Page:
2010 Annual Report
1a.Objectives (from AD-416)
Specific experiments to be completed at Penn State by Gildow and Cox-Foster include: l. Comparison of RPV subcellular localization in vector and non-vector genotypes utilizing immunofluorescent microscopy combined with immunogold labeling for ultrastructural identification of virus and virus-tissue interactions associated with transmission barriers.
2. Characterization of RPV trafficking pathways utilizing injection recovery bioassays from vector and nonvector aphids to verify acquisition of infectious virus and to study virus viability and stability in the aphid hemocoel environment.
1b.Approach (from AD-416)
Identification of RPV localization in S. graminum will use a tandem immunofluorescence (IF)-transmission electron microscopy (TEM) approach to facilitate viral subcellular localization by TEM. Briefly, aphids either membrane fed or microinjected with purified virus will be fixed and paraffin embedded. Paraffin sections of gut and salivary tissues will be incubated in primary virus-specific polyclonal antibody, followed by secondary antibody linked to Alexa fluor 488. These will pinpoint the cells for EM sectioning. Then routine ultrastructural TEM studies will determine the cellular mechanisms regulating virus recognition and transport. Aphids of each nonvector genotype will be examined for pathways of virus acquisition through various sites along the anterior and posterior midgut and hindgut. An additional exciting finding that might emerge from this study would be the identification of a hindgut or midgut escape barrier by which virus is permitted to enter and traffic through the cell, but is prevented from exiting. These results when combined with ultrastructural observations of virus associations with cellular organelles should indicate whether virions are moving along the endocytotic-exocytotic transmission pathway. Failure to transmit may be caused by structural barriers to diffusion through the basal plasmalemma of the gut or ASG, missing cellular components preventing virus recognition and endocytosis at the cell membranes, or disruption of the transcytosis pathway preventing directional movement of virions through gut or ASG cells. Virions accumulating in HG or ASG as a result of failure to be transported through cells are expected to be visualized as aggregates of virions in lysosomes. Characterization of RPV trafficking pathways will use injection recovery bioassays to characterize RPV acquisition ability of all vector and nonvector F2 clones and determine whether non-vector aphids with an apparent strong ASG barrier have an immunological response that degrades virions in the hemolymph. Aphids with infectious virions in the hemolymph, but unable to transmit will identify genotypes with a major ASG transmission barriers. Efficiency of virus recovery should parallel efficiency of virus acquisition. Virus acquisition in hemolymph could be quantitated by immunospecifc EM analysis and real-time RT-PCR if appropriate. Real-time RT-PCR methods to quantitate RPV in hemolymph were developed during the previous grant cycle. If RPV virions are visualized escaping from gut cells into the hemocoel by IF and TEM, and verified by RT-PCR, but infectious virus cannot be recovered by hemolymph bioassay, this would suggest an aphid cellular immunological basis for a loss of transmission. Such a discovery would open a new area of study, as virus viability in the aphid hemocoel has not been extensively examined.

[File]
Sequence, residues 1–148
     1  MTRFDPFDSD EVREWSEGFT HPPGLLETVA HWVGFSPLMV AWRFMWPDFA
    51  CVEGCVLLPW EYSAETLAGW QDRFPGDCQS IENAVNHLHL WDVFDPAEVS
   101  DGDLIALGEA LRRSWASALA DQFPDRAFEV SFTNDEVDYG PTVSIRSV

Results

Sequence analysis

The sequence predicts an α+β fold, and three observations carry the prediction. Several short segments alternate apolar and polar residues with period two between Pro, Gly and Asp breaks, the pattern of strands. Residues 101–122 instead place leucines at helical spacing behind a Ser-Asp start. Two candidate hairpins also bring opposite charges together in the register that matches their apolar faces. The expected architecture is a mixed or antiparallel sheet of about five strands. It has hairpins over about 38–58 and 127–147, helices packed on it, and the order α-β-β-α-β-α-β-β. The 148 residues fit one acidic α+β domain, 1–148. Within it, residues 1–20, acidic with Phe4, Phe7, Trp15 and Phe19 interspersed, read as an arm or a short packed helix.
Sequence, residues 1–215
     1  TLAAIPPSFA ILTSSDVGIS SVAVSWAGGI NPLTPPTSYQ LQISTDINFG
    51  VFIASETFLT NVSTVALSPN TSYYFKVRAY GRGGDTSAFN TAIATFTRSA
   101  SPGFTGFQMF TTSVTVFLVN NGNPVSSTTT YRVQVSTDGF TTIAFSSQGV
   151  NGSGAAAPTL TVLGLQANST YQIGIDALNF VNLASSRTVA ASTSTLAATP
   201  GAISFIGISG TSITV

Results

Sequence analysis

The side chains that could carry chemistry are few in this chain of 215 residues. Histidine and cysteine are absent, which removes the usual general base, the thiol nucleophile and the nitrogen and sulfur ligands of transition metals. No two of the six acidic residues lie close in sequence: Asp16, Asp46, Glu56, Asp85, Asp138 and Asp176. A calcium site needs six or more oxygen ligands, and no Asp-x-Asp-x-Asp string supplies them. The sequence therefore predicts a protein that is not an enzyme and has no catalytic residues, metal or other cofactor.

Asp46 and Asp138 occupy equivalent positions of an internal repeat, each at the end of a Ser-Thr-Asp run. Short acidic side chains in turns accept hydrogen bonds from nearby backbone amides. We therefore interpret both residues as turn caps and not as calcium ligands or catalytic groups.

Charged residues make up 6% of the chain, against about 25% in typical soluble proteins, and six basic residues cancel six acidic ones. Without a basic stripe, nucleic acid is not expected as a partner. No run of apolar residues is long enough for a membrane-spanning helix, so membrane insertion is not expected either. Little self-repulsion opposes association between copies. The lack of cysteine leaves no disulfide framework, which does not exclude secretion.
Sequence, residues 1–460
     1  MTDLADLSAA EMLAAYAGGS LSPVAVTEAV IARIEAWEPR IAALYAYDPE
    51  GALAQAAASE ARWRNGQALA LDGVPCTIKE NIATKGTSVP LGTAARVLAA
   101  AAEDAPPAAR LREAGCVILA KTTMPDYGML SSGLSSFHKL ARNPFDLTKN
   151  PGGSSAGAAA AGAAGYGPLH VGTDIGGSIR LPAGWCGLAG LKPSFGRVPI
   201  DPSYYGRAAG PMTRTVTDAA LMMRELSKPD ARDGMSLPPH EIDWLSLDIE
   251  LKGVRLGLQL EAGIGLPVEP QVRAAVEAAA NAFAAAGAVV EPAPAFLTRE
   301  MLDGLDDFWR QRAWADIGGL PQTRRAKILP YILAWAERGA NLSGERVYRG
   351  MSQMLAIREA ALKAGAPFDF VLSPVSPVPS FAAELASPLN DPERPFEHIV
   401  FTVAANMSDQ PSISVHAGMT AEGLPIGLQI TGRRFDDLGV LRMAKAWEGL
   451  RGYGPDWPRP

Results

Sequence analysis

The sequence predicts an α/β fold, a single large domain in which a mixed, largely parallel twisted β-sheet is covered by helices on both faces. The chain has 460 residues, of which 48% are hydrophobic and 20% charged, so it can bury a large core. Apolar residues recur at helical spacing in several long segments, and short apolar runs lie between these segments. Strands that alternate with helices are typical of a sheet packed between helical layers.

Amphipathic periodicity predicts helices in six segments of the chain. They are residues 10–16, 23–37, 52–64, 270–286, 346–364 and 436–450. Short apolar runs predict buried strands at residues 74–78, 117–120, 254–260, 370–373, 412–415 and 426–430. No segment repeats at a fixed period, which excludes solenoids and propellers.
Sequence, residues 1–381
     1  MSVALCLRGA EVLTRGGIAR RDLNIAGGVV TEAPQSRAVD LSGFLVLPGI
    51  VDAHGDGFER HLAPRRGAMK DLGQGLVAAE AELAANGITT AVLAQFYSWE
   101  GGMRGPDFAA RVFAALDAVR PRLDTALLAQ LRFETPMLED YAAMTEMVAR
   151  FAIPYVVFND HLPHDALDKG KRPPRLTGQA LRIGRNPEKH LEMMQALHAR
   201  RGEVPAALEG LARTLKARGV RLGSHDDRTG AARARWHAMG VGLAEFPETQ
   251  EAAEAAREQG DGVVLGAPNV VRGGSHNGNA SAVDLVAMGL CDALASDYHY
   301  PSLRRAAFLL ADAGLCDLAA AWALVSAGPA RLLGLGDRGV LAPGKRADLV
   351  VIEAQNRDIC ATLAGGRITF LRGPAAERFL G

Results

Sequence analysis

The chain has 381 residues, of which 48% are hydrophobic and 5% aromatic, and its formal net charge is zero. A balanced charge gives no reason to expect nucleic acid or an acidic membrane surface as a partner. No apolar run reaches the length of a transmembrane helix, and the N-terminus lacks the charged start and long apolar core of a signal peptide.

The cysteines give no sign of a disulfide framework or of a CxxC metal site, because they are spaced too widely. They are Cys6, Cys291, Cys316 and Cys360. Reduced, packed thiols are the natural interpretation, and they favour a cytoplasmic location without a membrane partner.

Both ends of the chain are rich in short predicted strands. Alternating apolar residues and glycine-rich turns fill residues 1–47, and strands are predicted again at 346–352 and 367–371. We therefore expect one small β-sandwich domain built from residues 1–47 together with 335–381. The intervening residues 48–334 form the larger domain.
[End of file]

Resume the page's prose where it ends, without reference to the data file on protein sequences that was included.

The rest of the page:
Research over the past year has focused on defining the movement of purified virus though an aphid and discovering what proteins are associated with virus particles that may play a role in virus transmission. We found that plant proteins play a role in virus transmission, but that an endogenous bacteria aphid and the aphid hemolymph do not. Standard protocols for purification of luteoviruses use buffer containing EDTA, and sodium sulfite to preserve the infectivity of the virus by preventing oxidation and aggregation. While this is useful for many luteoviruses, it rendered preparations of purified CYDV-RPV non-transmissible. Viewed by EM, purified virions appeared normal in size and shape and reacted normally in serological tests. Protein analyses indicated that EDTA and sodium sulfite did not alter the virus protein composition, but they did affect the composition of host proteins that co-purify with the virus. The serendipitous discovery that virus purified using chelating and reducing agents lost transmissibility led to the discovery that specific plant host proteins may bind to the virus capsid and may play a regulatory role in virus recognition or movement through aphid vector tissues. This discovery broadens our perspective on the virus-plant host relationship and suggests that the coevolved partners may interact to effect virus transmission. Also we discovered an unknown bacteria present in the gut of an aphid genotype able to vector virus yet this bacteria was absent in the gut of an aphid (same species as the vector aphid) that cannot transmit virus. The bacteria was not transferred to any progeny and its presence was not correlated with transmission competence. Absence of bacterial infection in the progeny aphids indicates it is not paternally inherited and that the infection and the resulting cytopathology observed in the hindgut cells played no role in virus transmission. In fact, it is surprising that the severe cytopathology does not seem to significantly reduce or eliminate virus acquisition and suggests that aphid immune responses to thwart bacterial infections do not hinder virus acquisition in the gut. Another major discovery this year was that virus recovered from the hemolymph of nonvector aphids was transmissible when injected into vector competent aphids. Hemolymph from the nonvector aphids does not possess immunosuppressive effects on virus transmissibility or infectiousness. Virus isolated from the hemolymph of nonvector genotypes was equally infectious as that from vector genotypes. This eliminates the need for further emphasis on hemolymph factors on transmission and focuses future efforts on virus transport through the gut and salivary gland tissues as the main targets for disruption of transmission. Progress was monitored through regular lab meetings, email and phone conversations.